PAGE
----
Writer-director Christopher Nolan’s summer blockbuster, the biopic “Oppenheimer,” has grossed nearly $1 billion in global ticket sales, a staggering nmber incuding over $300 million from North American theaters and another $600 million internationally.
That’s far better box office than other films Hollywood had counted on to offset the devastating five-month strike by the Writers Guild of America and the Screen Actors Guild-American Federation of Television and Radio Artists.
The story of the father of the atomic bomb that defeated Japan and ended World War II may well win many Academy Awards, not only for Nolan as director and writer but for lead actor Cillian Murphy as theoretical physicist J. Robert Oppenheimer and supporting actor Robert Downey Jr. as Lewis Strauss, chairman of the Atomic Energy Commission and allegedly vicious antagonist of “Oppie.”
Leave it to Hollywood to falsely claim that the famed physicist was smeared by a hysterical, anticommunist community of lawmakers, federal bureaucrats, the FBI, President Dwight Eisenhower, and even Oppenheimer’s communist friends, who, in taped conversations by the bureau, repeatedly acknowledged that he was a secret party member who sided with Soviet dictator Joseph Stalin over his own country.
Those who rely on the movie for why Oppenheimer was eventually denied his security clearance will be cheated of the truth and think worse of their country for this intentional and knowingly harmful omission.
Hollywood always has been soft on communists and still refuses to acknowledge that Oppenheimer was an admirer of the Soviet Union even after it became clear that the evil empire was the deadly enemy of the United States and the West.
On Nov. 7, 1953, FBI Director J. Edgar Hoover received proof that “Oppie” long had been a loyal agent of the bloody rulers in the Kremlin. The smoking gun was an explosive letter from William Borden, executive director of Congress’ Joint Atomic Energy Committee from 1949 to 1953.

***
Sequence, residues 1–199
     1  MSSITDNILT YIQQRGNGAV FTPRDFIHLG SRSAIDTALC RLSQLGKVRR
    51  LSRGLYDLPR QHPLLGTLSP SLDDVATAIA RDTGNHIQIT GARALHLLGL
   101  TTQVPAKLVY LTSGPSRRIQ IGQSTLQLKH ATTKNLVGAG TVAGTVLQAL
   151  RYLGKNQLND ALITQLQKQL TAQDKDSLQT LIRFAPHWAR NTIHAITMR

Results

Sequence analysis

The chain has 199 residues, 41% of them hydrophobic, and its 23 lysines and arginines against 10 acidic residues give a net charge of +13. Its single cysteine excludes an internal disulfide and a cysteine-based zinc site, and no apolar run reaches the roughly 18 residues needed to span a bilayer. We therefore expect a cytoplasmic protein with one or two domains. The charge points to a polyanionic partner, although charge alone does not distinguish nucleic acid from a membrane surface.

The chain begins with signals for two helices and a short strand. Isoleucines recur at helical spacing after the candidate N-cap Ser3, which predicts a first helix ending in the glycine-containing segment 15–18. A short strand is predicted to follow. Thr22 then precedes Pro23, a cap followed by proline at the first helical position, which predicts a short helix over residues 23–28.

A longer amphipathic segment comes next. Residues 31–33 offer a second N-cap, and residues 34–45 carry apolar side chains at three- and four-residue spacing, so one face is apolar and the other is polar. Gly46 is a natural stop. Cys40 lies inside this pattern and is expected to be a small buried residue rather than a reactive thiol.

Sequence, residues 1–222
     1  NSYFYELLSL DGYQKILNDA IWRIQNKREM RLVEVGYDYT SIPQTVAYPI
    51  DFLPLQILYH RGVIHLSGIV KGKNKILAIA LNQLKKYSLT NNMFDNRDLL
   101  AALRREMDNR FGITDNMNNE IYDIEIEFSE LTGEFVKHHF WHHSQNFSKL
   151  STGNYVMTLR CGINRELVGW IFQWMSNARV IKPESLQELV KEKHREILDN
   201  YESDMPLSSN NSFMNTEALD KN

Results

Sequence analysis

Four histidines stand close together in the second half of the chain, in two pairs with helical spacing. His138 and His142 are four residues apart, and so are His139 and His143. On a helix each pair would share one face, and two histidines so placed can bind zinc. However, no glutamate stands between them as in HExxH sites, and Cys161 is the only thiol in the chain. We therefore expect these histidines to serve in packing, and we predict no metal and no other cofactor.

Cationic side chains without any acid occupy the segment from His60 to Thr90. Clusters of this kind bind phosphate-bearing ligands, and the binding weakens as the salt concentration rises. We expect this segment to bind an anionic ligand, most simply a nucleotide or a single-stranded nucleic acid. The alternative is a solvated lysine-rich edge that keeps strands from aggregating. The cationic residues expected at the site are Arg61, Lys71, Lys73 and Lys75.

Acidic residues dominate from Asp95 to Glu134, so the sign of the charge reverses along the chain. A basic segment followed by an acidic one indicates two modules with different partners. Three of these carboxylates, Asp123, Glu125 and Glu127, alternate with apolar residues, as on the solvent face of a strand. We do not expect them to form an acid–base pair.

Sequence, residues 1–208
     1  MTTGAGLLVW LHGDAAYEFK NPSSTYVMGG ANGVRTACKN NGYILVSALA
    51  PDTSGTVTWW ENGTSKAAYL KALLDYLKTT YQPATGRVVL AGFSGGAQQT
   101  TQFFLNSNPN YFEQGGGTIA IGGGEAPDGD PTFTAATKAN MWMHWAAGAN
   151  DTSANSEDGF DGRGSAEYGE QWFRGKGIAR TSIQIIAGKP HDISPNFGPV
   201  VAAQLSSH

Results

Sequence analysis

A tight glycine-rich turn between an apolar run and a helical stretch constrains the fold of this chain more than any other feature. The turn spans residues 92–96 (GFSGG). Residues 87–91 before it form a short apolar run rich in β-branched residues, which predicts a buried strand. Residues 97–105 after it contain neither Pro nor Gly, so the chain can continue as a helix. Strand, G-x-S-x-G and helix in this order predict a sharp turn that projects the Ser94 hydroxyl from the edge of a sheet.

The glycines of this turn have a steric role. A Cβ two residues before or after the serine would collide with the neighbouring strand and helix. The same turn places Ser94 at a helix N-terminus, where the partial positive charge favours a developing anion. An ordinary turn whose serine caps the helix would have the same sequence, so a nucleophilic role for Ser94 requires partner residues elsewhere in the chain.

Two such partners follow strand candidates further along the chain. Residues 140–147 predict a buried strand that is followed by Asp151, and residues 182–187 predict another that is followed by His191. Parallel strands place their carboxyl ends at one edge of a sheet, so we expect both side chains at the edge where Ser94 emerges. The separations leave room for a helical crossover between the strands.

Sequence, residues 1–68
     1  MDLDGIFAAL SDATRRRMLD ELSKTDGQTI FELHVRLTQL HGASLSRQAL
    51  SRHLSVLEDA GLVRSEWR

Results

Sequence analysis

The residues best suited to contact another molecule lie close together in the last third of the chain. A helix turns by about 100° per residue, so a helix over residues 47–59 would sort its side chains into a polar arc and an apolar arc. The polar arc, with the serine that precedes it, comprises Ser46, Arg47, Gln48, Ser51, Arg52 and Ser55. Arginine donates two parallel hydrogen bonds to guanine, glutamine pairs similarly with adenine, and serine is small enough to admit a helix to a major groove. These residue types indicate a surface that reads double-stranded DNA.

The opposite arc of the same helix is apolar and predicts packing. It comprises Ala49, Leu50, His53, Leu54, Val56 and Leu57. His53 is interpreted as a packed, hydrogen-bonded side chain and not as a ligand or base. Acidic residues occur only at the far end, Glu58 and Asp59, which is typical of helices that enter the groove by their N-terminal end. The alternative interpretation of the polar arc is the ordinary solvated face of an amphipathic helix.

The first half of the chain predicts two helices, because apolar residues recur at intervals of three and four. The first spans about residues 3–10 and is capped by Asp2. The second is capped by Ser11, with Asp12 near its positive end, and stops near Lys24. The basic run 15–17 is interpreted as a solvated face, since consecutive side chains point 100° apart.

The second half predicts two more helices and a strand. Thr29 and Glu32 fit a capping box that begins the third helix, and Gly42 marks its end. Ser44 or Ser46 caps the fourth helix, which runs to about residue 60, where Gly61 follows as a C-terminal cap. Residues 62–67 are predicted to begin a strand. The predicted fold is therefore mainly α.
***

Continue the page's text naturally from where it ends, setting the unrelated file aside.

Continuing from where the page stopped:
The congressional staffer’s letter was prompted by the government’s compilation of a massive dossier on Oppenheimer. That dossier included, as one author later wrote, “eleven years’ minute surveillance of the scientist’s life” while his office and home were bugged, his telephone was tapped, and his mail was opened.
Oppenheimer himself was stunned and embarrassed by the revelation of his subversive conduct and repeatedly lied about it under oath.
On Dec. 16, 2022, Energy Secretary Jennifer Granholm, an appointee of President Joe Biden, vacated the 1954 decision to revoke Oppenheimer’s security clearance on the grounds that it didn’t properly follow some of Atomic Energy Commission procedures. But Granholm pointedly noted that her report would not “reconsider the substantive merits” of the findings, which never have been challenged successfully.
Borden’s charges were blunt. He said that, “based upon … years of study of the available classified evidence,” Oppenheimer probably was “an agent of the Soviet Union.”
As of April 1942, the physicist “was contributing substantial monthly sums to the Communist Party” even though he publicly would deny the charge, Borden wrote. Oppenheimer’s ties to the Communist Party also had survived the “Nazi-Soviet Pact and the Soviet attack upon Finland,” he said.
Oppenheimer’s wife and younger brother “were communists,” Borden wrote in his letter, and the scientist had “at least one communist mistress” and belonged “only to communist organizations, apart from professional affiliations.”
Oppenheimer had “been instrumental in securing recruits for the Communist Party” and was in “frequent contact with Soviet espionage agents.” The physicist, Borden wrote, repeatedly gave “false information” about his Communist Party activities to Brigadier Gen. Leslie Groves, head of the Manhattan Project in Los Alamos, New Mexico, best known for its central role in developing the first atomic bomb.